20090817, 00:34  #1 
Jul 2009
31_{10} Posts 
Montgomery method in Prime Numbers: ACP
I love the book Prime Numbers: a Computational Perspective.
But I'm going wild trying to get Montgomery reduction to work properly. The problem is that this book uses a different style of explanation with wikipedia, and it's hard to sync them up, and I'm starting to doubt PN:ACP. On page 449, there's algorithm 9.2.5. The book's errata pdf says that the line "x=cd" should be "y=cd". But I'm pretty sure that's wrong too. I think it should remain "x=cd" and then the next line changed to: "z=(x+N((xN') mod R))/R" as in theorem 9.2.1. And on that same page, I also think the ladder algorithm (9.2.6) is wrong. Its notation makes it confusing if it's doing the digits in the reverse order or not. But as a standard binary ladder, shouldn't the lines: p=M(p,p) if (y_i==1) p=M(p,x); be swapped and changed to if (y_i==1) p=M(p,x) x=M(x,x) ? I know I'm an idiot because I can't figure this out. But if you have a copy of PN:ACP on your shelf, could you look at page 449 and tell me what flavor of idiot I am.. one who can't understand the simple algorithm, or one who can't make a simple Montgomery reduction work. (There's a third type of idiot, the one who uses wikipedia for math references, but let's not go there...) A side question, does anyone have some example C or C++ code for using Montgomery reduction to compute x^y mod n which is designed for the simplest case of integer x,y,n all <2^32? Last fiddled with by SPWorley on 20090817 at 00:36 
20090817, 03:44  #2 
Oct 2007
2·53 Posts 
You appear to be correct about the first question  it should be x = cd, then the transformation of 9.2.1 applied to x gives you y.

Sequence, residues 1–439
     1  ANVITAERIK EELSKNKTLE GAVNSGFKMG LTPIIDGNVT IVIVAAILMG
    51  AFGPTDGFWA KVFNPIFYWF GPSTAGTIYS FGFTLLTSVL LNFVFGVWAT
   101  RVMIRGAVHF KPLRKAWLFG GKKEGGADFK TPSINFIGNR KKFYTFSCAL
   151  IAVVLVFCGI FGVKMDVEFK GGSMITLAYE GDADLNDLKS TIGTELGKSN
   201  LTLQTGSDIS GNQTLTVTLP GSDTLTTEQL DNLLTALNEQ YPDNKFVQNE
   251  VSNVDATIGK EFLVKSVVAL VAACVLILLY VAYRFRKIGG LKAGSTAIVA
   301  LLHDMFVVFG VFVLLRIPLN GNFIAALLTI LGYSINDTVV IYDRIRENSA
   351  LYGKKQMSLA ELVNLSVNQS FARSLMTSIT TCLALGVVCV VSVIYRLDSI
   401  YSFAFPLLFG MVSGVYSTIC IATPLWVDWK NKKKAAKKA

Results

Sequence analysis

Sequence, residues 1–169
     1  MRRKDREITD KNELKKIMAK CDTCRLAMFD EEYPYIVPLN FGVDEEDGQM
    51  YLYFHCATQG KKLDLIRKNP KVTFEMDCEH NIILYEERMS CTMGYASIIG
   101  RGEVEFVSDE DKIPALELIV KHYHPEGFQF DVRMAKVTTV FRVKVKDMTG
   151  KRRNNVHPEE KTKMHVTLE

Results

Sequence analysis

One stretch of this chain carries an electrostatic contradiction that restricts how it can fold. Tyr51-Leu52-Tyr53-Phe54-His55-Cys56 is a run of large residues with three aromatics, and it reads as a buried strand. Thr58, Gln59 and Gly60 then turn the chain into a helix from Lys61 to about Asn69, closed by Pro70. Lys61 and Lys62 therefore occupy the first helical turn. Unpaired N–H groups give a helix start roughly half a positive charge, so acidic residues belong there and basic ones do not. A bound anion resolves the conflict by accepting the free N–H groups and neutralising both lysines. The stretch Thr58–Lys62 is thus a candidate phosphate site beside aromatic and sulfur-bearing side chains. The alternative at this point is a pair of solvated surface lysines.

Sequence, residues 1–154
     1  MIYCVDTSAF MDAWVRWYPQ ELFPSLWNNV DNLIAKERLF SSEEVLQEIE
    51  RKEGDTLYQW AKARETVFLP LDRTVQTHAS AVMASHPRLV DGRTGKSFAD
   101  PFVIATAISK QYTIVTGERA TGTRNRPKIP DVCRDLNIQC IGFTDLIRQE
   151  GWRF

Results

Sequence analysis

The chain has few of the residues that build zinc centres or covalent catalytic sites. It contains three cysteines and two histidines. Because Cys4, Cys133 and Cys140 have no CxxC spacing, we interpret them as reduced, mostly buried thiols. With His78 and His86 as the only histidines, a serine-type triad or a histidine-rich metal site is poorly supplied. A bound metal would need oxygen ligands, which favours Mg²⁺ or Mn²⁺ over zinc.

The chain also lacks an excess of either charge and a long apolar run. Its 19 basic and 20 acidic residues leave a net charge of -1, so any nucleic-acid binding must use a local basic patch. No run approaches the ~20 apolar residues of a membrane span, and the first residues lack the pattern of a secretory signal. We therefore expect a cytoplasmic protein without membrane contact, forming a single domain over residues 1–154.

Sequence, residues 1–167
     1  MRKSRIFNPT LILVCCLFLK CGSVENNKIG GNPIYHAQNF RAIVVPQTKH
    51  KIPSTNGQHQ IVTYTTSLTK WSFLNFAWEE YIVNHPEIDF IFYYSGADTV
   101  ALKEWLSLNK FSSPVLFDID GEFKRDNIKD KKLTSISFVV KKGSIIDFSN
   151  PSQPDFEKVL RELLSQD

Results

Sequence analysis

The powering algorithm is correct  it is the same that is presented in 9.3.1. I believe you were thinking of the dual version of the squareandmultiply algorithm, also presented in 9.3.2. As for sample code, check http://islab.oregonstate.edu/papers/j37acmon.pdf  it presents various approaches for actual implementations of Montgomery multiplication. 
20090817, 04:43  #3  
Jul 2009
31 Posts 
Quote:
But that laddering code is awkward. It doesn't match the 9.3.1 code, it unwraps one extra pass for the high bit, which makes it uselessly compute a full and potentially expensive Montgomery product to get the result p=1*1 (in Montgomery adjusted numbers) on that first pass. That made me doubt my understanding of it, especially as my code wasn't working. Luckily, in the meantime, my code is now working... now to optimize. Thanks again! 

20090817, 17:41  #4 
Jul 2009
31 Posts 
A followup question on Montgomery reduction.
Using a radix R=2^s is most common of course. But the Montgomery method only works with N that are coprime to R.. so for the R=2^s case, N must be odd. What's the solution for even N? You could break N into the product a power of 2 and an odd remainder, perform operations on both (the power of 2 mod version is especially easy), then use the Chinese Remainder theorem to combine the results.. but that's really inelegant and even with the efficiency of mod 2^32 computes, it's still computationally wasteful. So what do you do when you need to perform many x^y mod N computes where N is even, and the Montgomery method fails for R=2^s? 
20090817, 19:10  #5 
Oct 2007
2·53 Posts 
Use the CRT, not unlike RSA decryption. If your modulus is even, it can be factored into N = p * 2^d. As p and 2^d are obviously coprime, one can perform the exponentiation mod p and 2^d separately and then paste it together using the CRT:
z0 = x^e mod p z1 = x^e mod 2^d z = z0 + p * ((z1z0)* (p^1) mod 2^d) Needless to say, the arithmetic mod 2^d is trivial to perform in a computer. The inversion can be performed easily by Newton's iteration (see C&P Exercise 9.12) Alternatively, you can use an alternative method, e.g. Barrett's reduction. Last fiddled with by Robert Holmes on 20090817 at 19:13 
20090818, 17:27  #6 
Jan 2005
Caught in a sieve
5×79 Posts 
SPWorley, you may also be interested in Alex Kruppa's Montgomery implementation, and what I did with it in this thread.
(This has nothing to do with even modulii.) Last fiddled with by Ken_g6 on 20090818 at 17:28 
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